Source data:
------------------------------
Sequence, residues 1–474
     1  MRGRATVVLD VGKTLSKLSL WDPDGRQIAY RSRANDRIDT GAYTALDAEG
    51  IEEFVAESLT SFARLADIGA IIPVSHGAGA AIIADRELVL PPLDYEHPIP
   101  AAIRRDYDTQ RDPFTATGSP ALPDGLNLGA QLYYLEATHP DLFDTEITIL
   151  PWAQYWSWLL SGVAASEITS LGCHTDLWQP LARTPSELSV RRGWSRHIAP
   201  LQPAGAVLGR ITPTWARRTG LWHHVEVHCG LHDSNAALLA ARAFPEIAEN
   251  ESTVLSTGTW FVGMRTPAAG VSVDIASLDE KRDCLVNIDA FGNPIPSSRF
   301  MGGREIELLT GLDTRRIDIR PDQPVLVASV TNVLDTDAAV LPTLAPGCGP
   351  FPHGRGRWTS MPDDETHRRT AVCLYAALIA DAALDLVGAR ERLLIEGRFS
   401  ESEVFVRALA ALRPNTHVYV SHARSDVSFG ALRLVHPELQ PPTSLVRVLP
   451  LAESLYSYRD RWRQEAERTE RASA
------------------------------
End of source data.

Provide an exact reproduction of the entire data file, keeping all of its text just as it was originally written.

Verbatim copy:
Sequence, residues 1–474
     1  MRGRATVVLD VGKTLSKLSL WDPDGRQIAY RSRANDRIDT GAYTALDAEG
    51  IEEFVAESLT SFARLADIGA IIPVSHGAGA AIIADRELVL PPLDYEHPIP
   101  AAIRRDYDTQ RDPFTATGSP ALPDGLNLGA QLYYLEATHP DLFDTEITIL
   151  PWAQYWSWLL SGVAASEITS LGCHTDLWQP LARTPSELSV RRGWSRHIAP
   201  LQPAGAVLGR ITPTWARRTG LWHHVEVHCG LHDSNAALLA ARAFPEIAEN
   251  ESTVLSTGTW FVGMRTPAAG VSVDIASLDE KRDCLVNIDA FGNPIPSSRF
   301  MGGREIELLT GLDTRRIDIR PDQPVLVASV TNVLDTDAAV LPTLAPGCGP
   351  FPHGRGRWTS MPDDETHRRT AVCLYAALIA DAALDLVGAR ERLLIEGRFS
   401  ESEVFVRALA ALRPNTHVYV SHARSDVSFG ALRLVHPELQ PPTSLVRVLP
   451  LAESLYSYRD RWRQEAERTE RASA